Ben Stiller reprises his role as a former model in a throwaway but amusing sequel
These men are French. Pop just got a whole lot more - how you say? - [I]sophisticated[/I].
Phoenix are four pretty French 20-somethings: best friends for ten years; share a flat together in Paris; mates with Daft Punk; played as Air's TV backing band; have one copy of 'Thriller' between them and were last year categorised as a dance act thanks to the elastic disco of their 'Heatwave' single. But if you expected more of that, well don't worry, because nobody expected anything quite like this.
Such is the group's unconditional love for, chiefly, Michael Jackson, AC/DC and The Beach Boys that parts of 'United' could be considered slavish pastiche (see the blue-eyed country-by-numbers of 'Summer Days', the Miami Vice synth'n'sax smarm of 'Definitive Breaks'). But what saves Phoenix, and what makes this an extraordinary debut, is their unique appropriation of '80s US FM rock ('Too Young') and immaculate 'Off The Wall'-era grooves ('If I Ever Feel Better', 'Honeymoon'). There is no irony here. These men are French. Pop just got a whole lot more - how you say? - sophisticated.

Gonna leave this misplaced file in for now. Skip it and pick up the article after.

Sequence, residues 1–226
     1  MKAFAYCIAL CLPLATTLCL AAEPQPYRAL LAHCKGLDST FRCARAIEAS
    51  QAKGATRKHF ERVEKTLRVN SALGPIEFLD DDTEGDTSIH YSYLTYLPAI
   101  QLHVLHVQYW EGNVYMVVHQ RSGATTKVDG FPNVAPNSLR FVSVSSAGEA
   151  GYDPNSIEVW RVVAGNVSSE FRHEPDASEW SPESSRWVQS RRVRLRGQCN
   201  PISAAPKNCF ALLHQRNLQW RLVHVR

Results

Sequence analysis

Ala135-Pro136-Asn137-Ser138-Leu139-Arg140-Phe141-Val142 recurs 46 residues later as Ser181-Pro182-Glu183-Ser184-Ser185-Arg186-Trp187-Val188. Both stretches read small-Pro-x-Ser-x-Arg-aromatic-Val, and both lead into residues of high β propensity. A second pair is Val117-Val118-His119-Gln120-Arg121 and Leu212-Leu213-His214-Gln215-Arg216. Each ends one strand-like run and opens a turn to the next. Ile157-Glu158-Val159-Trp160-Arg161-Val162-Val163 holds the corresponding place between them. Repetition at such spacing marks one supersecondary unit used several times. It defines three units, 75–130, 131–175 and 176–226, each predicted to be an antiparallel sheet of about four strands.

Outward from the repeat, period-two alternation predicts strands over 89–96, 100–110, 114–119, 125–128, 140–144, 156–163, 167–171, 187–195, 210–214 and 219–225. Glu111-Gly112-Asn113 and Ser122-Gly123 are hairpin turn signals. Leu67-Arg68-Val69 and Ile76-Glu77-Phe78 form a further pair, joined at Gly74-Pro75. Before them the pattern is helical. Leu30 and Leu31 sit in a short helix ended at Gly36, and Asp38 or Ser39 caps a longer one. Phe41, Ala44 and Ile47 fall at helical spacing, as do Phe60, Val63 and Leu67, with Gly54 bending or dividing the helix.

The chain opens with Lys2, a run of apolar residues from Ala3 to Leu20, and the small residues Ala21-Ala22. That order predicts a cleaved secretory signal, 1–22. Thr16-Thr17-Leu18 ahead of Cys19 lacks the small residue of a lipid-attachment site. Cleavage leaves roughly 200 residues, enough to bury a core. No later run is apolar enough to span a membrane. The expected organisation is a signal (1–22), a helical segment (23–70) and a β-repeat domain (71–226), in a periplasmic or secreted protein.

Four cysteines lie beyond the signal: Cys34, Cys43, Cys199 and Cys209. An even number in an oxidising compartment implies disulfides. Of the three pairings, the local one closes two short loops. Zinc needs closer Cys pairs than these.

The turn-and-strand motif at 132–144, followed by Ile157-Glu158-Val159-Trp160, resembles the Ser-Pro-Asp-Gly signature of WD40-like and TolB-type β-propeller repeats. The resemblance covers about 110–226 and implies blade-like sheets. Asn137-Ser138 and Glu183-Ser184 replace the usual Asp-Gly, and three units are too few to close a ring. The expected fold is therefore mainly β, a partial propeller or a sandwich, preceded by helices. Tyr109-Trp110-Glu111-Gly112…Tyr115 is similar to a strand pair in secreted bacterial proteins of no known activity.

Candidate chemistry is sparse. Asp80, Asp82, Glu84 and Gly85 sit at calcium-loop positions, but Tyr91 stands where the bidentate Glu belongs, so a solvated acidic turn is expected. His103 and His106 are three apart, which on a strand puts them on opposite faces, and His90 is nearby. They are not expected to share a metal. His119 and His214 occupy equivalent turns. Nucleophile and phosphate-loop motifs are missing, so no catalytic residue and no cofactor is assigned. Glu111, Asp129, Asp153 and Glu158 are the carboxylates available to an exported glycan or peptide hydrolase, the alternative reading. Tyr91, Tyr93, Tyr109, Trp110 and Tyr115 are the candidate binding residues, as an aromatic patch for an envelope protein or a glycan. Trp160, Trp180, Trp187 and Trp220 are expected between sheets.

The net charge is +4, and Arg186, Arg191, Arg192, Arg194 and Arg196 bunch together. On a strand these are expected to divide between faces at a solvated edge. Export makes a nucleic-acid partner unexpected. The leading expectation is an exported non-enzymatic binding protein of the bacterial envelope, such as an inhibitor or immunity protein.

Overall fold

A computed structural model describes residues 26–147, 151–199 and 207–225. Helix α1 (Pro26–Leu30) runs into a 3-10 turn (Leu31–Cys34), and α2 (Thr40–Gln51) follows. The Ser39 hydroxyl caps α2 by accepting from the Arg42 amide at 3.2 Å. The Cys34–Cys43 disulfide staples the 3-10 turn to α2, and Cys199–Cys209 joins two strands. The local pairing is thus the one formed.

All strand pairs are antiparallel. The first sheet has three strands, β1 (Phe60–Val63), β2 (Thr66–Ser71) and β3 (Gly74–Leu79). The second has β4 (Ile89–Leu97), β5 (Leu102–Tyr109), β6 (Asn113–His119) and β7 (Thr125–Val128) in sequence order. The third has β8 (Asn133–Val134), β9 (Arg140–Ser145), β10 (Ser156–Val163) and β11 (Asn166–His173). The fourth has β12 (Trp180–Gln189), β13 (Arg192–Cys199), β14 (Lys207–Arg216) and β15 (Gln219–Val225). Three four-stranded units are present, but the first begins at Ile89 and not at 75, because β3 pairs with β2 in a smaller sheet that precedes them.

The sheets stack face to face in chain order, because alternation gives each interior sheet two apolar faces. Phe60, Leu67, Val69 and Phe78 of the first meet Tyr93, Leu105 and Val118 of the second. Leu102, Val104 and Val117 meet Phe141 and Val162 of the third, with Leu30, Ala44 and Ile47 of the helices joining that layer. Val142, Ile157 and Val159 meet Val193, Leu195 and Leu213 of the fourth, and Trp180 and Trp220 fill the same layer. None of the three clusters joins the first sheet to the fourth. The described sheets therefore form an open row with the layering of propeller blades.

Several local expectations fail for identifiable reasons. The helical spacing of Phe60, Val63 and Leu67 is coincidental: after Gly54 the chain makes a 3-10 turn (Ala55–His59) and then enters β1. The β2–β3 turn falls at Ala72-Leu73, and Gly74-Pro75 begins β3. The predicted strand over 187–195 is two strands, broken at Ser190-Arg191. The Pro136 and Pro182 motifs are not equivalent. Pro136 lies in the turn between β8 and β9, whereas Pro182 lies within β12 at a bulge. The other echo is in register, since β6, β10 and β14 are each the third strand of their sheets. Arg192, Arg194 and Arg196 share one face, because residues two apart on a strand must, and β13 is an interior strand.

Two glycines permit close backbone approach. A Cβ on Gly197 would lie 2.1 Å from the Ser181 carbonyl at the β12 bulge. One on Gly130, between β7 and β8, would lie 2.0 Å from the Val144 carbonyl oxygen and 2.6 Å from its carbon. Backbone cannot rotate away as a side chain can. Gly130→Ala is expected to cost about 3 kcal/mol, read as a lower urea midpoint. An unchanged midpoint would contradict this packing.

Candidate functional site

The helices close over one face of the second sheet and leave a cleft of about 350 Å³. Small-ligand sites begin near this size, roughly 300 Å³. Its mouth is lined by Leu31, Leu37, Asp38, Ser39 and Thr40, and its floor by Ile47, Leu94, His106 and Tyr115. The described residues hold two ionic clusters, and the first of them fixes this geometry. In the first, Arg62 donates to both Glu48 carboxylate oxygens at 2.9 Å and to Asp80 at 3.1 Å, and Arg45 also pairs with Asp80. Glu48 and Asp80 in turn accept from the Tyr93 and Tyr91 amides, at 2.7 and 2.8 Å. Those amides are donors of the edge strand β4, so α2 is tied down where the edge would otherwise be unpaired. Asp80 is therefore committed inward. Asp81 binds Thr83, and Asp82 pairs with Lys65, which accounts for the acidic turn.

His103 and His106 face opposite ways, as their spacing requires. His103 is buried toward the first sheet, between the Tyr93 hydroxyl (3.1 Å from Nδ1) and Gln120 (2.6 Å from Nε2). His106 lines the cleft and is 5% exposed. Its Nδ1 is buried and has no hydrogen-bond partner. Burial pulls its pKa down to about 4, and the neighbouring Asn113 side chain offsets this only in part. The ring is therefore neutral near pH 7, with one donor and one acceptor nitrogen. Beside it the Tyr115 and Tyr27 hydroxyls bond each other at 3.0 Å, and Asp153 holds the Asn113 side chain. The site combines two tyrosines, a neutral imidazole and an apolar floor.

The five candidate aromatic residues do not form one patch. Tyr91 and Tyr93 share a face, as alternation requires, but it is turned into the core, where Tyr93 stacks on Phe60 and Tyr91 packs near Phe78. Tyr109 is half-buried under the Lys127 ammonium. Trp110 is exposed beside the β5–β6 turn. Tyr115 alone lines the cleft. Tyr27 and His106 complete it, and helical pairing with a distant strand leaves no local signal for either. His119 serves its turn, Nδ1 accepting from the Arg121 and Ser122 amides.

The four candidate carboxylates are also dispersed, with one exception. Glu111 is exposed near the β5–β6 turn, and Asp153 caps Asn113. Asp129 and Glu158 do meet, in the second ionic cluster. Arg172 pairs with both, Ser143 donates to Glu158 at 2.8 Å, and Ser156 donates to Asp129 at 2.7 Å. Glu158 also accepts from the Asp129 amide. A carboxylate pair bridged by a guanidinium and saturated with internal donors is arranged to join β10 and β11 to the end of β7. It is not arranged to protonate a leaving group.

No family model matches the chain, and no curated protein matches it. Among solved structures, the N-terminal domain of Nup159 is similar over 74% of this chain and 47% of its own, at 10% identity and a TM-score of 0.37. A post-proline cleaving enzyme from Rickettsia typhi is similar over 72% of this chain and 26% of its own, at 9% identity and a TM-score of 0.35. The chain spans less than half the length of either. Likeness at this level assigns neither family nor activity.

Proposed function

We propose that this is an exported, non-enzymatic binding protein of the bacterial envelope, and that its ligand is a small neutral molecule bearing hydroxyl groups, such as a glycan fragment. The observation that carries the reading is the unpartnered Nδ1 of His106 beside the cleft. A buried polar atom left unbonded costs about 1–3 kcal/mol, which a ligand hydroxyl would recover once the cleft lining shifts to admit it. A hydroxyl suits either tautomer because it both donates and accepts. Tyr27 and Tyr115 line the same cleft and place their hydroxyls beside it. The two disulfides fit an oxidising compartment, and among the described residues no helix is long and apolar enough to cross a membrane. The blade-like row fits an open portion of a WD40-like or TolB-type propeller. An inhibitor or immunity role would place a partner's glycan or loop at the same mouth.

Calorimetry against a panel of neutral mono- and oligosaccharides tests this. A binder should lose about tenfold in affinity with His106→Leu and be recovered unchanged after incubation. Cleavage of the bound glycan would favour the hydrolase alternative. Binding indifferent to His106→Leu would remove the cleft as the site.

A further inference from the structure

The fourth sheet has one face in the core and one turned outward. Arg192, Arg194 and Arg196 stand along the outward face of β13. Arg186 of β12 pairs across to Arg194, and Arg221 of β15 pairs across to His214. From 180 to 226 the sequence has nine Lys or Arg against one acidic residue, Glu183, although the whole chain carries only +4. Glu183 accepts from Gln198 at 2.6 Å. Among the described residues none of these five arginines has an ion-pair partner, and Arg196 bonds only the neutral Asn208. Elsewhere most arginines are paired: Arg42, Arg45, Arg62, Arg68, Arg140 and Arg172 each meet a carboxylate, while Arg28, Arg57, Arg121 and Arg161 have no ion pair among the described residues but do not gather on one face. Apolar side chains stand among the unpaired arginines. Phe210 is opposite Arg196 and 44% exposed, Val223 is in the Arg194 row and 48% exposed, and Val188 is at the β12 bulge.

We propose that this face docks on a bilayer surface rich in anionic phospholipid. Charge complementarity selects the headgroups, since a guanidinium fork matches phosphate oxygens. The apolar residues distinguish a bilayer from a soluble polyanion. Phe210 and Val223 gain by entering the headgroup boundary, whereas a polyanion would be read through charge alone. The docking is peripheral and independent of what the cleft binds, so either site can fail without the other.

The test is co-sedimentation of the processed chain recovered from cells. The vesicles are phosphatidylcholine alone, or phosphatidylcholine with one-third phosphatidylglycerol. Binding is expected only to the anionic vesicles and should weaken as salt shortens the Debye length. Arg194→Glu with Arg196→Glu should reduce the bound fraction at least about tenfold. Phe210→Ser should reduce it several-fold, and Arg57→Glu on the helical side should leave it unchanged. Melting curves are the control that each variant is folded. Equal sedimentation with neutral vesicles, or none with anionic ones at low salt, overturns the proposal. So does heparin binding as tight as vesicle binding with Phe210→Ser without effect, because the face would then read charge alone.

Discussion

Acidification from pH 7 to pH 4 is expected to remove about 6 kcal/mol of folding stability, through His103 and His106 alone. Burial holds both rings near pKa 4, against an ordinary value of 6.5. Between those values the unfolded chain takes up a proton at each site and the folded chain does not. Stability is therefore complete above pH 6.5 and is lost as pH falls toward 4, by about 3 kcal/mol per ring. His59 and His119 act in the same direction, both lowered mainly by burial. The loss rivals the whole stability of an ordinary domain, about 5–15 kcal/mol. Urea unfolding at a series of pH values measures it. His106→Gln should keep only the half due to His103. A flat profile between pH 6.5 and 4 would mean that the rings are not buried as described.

It’s not quite the superhero film revolution we were promised, but it sure as hell is entertaining
Zachary Cole Smith has overcome a multitude of problems to make this intensely powerful album
Just as ridiculous as the 1991 original, but in all the wrong ways
The 'Oscar-bait' drama fails to fully translate the emotional weight from page to screen